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Becoming a Lifelong Unlearner


I came across yet another promotional post touting the virtues of Financial Peace University. For those who may not know, it’s a financial system created by self-appointed money guru Dave Ramsey. Among his many tenets are the eschewing of any credit cards and the belief that people should simply “pay for everything in cash.” No one is a fan of debt. So superficially, it all sounds fabulous. But when one recognizes the multiplicity of situations and life circumstances people may find themselves in, it is easy to see that his approach might not work for everyone.

Many of his students swear they’ve achieved the eponymous “financial peace.” And it’s not unusual for people to find something that works for them and consequently become compelled to share it with others as the answer (see also: CrossFit, veganism, etc.). So, while some of Ramsey’s advice can be helpful, it becomes problematic when his methodologies are touted as a one-size-fits-all gospel. Many of his devotees proselytize that his teachings are not just best for themselves but that it’s downright unchristian to manage one’s finances any other way. It’s deliberately marketed to congregations that way. Wrapped in Christianese, the program is sold to churches to sell to members under the promise of economic success. It’s a little too akin to multilevel marketing for my taste.

My first introduction to Financial Peace was as a young associate pastor. My mentor pastor was gung-ho about Dave Ramsey and wanted everyone to participate! Although I still deeply respect my mentor, he was mistaken on a number of points. Similarly, during my tenure as a youth pastor in one congregation, I was encouraged by my senior pastor to invite an extremely conservative speaker renowned for guilt-tripping young people who listened to music that used certain instruments. I knew little about the pastor’s ministry when I extended the invitation and I implicitly trusted my senior pastor’s wisdom and insight. But when the speaker came to the church, I regretted it immediately. In the aftermath, I spent a long time with my young people untangling errors planted during the presentation. That music extremist’s stance was not unlike things I’d heard preached when I was a young person. It wasn’t uncommon for well-known ministers to rail against the evils of syncopation.

There’s a multitude of theologically problematic lessons I recall from both church and school. Undoubtedly, you’ve heard one or more of these yourself! Many Adventists were taught that our guardian angels refused to enter movie theaters. But if these were such dangerous places, it seems like exactly where a guardian angel should accompany you! I also remember being implored to pray silently to prevent Satan from listening to our thoughts. That teaching totally disregards the validity of the wide variety of prayers we see in the Bible, several of which include crying aloud. It also calls into question our own practices of group intercessory prayers. Wouldn’t it mean that praying corporately makes us more vulnerable to demonic attacks? But most disturbingly, this teaching reveals an unwittingly harmful point of view about the comparative power of Christ and Satan.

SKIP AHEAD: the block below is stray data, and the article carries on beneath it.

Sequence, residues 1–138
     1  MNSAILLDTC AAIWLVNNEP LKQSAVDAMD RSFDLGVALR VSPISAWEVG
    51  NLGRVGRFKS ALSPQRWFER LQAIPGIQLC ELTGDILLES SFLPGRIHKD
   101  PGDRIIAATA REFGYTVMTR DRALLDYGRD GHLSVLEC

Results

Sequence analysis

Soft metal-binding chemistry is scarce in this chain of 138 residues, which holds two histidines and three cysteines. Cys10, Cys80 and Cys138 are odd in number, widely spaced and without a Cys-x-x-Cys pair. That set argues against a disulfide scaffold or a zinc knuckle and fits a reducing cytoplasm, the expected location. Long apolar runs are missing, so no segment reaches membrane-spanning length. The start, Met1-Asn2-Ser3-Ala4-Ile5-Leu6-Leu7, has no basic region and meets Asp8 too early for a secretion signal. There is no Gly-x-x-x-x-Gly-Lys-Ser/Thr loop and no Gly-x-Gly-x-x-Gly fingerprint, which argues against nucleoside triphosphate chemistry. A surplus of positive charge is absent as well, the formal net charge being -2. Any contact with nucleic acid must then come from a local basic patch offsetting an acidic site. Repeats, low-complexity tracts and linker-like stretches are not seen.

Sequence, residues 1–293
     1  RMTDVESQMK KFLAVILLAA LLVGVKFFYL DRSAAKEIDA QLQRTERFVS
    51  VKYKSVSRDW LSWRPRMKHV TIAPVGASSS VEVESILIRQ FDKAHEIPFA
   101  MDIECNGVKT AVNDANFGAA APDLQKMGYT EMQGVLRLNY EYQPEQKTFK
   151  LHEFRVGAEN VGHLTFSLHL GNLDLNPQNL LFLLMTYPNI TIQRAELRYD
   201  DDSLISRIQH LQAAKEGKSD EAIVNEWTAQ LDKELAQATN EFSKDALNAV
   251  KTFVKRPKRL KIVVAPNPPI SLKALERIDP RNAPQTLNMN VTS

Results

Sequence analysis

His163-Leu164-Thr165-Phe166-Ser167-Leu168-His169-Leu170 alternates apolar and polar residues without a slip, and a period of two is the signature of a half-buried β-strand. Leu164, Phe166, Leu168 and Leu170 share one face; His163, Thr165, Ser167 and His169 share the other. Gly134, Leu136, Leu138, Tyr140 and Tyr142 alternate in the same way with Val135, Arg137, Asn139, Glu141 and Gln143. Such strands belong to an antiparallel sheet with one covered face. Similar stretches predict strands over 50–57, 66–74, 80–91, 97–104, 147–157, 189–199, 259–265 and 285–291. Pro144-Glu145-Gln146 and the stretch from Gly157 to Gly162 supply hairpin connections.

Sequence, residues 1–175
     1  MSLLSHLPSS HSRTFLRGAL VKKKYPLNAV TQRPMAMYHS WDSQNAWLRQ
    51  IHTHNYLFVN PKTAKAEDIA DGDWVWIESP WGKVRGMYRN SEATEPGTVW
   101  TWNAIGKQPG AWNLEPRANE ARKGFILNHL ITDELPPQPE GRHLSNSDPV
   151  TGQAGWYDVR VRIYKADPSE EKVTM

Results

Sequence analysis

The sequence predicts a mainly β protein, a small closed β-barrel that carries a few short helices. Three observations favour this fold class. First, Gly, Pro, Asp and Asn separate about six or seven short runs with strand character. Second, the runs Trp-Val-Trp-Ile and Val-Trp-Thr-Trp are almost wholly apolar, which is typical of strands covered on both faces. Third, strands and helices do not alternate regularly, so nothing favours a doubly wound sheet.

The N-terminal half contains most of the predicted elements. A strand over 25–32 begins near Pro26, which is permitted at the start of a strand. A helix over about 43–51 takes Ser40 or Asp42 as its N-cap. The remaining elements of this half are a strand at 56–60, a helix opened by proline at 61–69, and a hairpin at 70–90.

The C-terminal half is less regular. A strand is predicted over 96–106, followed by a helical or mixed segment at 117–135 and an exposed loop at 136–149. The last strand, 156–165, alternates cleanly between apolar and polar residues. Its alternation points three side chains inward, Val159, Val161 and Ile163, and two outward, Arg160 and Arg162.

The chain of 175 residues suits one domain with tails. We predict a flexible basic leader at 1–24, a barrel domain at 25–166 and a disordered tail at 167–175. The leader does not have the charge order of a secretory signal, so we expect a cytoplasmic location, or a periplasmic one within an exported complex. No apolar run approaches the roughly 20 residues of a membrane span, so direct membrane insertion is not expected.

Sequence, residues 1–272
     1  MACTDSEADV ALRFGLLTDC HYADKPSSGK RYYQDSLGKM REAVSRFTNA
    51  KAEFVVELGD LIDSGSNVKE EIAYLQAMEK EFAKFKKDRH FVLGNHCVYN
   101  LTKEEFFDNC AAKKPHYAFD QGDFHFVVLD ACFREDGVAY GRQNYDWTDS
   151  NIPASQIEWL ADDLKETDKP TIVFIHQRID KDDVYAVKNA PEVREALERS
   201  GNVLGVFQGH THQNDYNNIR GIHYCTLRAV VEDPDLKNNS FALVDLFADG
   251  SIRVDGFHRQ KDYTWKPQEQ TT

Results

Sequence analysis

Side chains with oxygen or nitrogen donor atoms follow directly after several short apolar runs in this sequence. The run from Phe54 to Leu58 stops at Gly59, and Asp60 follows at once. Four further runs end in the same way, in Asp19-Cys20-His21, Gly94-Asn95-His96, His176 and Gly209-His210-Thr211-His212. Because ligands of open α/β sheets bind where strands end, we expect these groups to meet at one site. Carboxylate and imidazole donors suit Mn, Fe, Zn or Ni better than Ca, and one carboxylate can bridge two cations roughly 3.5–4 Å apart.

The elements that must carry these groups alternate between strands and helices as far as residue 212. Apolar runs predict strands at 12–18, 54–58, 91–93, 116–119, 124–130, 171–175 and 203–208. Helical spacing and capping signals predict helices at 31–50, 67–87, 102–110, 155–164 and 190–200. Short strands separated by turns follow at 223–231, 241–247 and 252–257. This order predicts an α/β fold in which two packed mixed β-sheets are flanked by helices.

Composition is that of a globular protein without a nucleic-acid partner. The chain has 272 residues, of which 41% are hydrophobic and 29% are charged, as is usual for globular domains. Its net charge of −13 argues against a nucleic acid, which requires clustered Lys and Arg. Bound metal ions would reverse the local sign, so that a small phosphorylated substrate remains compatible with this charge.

Despite the fact that so many of these ideas fall apart when examined even slightly critically, they are sometimes difficult to purge from our minds. Logic aside, these beliefs remain entrenched, often because they were introduced to us by people we love and respect. Our teachers, parents, and pastors promoted these lessons. So it can be hard to reject what we’ve been taught because it may feel like a rejection of those who taught us. Nevertheless, it’s imperative that we reevaluate the perspectives we’ve held for so long. This goes for some of our scriptural interpretations as well.

There are a number of traditional understandings that many of us unquestionably support. We cling to them because we revere those who taught us. In a previous article, I touched on the defenses we employ when we harbor an unwillingness to examine evidence. We are purportedly “people of the Book.” And some of us mock adherents of other faiths for blindly following their leaders without applying critical thought. Yet Adventists fall prey to these same tendencies far more than we care to admit. We hesitate to pull on the threads of some precepts for fear our entire belief system will unravel. But if it is that fragile, it deserves to be unraveled. Truth that can’t withstand scrutiny is not truth. And if our devotion to teachers or our anxiety about disturbing the familiar is what keeps us from critical thought, then we set ourselves up to be tethered to error.

I am an imperfect person. I strive to grow daily. There are things I sincerely believed and preached in the past that I’ve changed my views on. I also know that over the years, I’ve cultivated relationships with many members who’ve said they’ve been blessed by my sermons. I love my church families and they have shown love to me. But I pray their love for me is eclipsed by their love for truth! I have always strived to hammer home the LeVar Burton philosophy: “You don’t have to take my word for it!” I would hate to think anyone is reluctant to scrutinize some teaching just because I was the one who taught it. I hope the people I’ve pastored are committed to being lifelong learners—and unlearners—even when it’s uncomfortable.


Courtney Ray, MDiv, PhD, is an ordained minister of the Seventh-day Adventist Church and a clinical neuropsychologist. She is president of the Society for Black Neuropsychology. 

Previous Spectrum columns by Courtney Ray can be found by clicking here.

Photo by Gary Chan on Unsplash

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